Winding up the mountain, at each angle a changing picture. The immense ruins, old trees stretching their broad arms through the broken wall, moss covered towers, banquet Hall, wine cellar, balcony, view. . . climbed the mountain, grand, romantic, each turn increased in sublimity.

How many of the buildings they wrote about still stand? Can I find the same plants that Octavia pressed into her book of relics? How will the filter of time, of contemporary media such as Instagram, and the lens of Octavia and Calvin’s interpretations affect the way I construct the meaning and memory of my own journey? Throughout my travels, I will make paintings, write a journal, and take photographs that enact a dialectic between my family’s history and the environmental, political and social changes that have occurred in the interim 170 years. I will make additional larger works based on the experience, and the result will be the creation of a new and updated archive of a journey.

This project could be very straight-forward: I could literally just go on the journey and retrace their steps, take pictures, pay attention to what moves me and the details I notice. Then I could make paintings from and about my experience. But there has been a nagging feeling that that isn’t and won’t be enough. It could be beautiful and moving just on it’s own, just at face value. These two people went on a journey through cities and countries that they did not know. They had experiences, they wrote journals and letters home about those experiences, they collected plant specimens and saved all their receipts. All of those artifacts were somehow saved so that I could read them 173 years later and decide that I would like to go on a trip like that. And now I have this amazing opportunity to do that: to go on a trip through several European countries to have new experiences and revisit their journey through a contemporary lens.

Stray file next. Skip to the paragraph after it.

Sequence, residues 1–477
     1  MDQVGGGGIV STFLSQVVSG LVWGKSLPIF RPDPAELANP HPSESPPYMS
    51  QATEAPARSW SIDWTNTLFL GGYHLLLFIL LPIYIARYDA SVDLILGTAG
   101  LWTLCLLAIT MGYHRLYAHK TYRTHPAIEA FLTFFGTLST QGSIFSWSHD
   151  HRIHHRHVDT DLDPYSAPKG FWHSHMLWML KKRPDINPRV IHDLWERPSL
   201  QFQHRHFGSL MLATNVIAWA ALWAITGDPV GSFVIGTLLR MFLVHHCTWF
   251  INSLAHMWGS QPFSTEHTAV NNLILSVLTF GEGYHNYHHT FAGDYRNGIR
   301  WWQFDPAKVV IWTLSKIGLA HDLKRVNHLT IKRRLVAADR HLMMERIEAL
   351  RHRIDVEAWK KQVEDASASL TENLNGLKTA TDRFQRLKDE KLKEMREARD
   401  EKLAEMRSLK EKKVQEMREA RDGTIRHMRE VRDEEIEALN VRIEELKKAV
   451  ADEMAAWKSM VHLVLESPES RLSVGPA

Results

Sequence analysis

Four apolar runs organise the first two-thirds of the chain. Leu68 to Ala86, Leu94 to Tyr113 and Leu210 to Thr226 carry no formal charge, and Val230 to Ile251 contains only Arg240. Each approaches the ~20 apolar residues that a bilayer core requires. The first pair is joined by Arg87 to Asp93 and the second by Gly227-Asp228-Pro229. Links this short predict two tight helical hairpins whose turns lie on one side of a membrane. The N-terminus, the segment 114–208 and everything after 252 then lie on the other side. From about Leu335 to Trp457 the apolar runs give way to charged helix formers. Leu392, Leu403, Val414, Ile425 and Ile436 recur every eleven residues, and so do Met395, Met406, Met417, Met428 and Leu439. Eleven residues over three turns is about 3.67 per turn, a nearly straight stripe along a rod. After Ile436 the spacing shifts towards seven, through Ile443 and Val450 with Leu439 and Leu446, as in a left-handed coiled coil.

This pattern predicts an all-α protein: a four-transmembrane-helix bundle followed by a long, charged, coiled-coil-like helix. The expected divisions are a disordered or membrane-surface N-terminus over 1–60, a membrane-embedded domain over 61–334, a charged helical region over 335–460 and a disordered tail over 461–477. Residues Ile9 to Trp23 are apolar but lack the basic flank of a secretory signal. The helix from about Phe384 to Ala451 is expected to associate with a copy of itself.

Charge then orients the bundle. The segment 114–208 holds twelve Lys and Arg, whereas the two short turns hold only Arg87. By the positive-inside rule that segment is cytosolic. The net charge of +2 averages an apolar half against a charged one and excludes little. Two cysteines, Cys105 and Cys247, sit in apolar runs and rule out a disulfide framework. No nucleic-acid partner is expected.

I can’t go blindly, though. Part of reading a diary from 173 years ago is the desire to contextualize it. You want to understand more than just the words on the page before you. You want to know what events were happening in the world at the time it was written; you want to know about the author’s situation that allowed him/her the luxury of a trip like this in 1844, and so you start reading more and doing research. And then once you start learning more things, you wonder what it means to recreate this trip 173 years later.

So that’s where I am right now. I am in the beginning stages of research. I am reading history books, I am reading letters and journals written by my ancestors, I am looking at old documents (receipts, ledgers, sketches). And simultaneously, as a painter, I am trying to figure out what kind of work I can and will make based on not only my trip, once I take it, but also the results of my current research. And how does the visual language I am using fit into this narrative? Maybe it doesn’t, and maybe I will figure out that I will need to make different work, but that’s all part of the process. I am excited to dive in, explore, experiment, and share as I go along.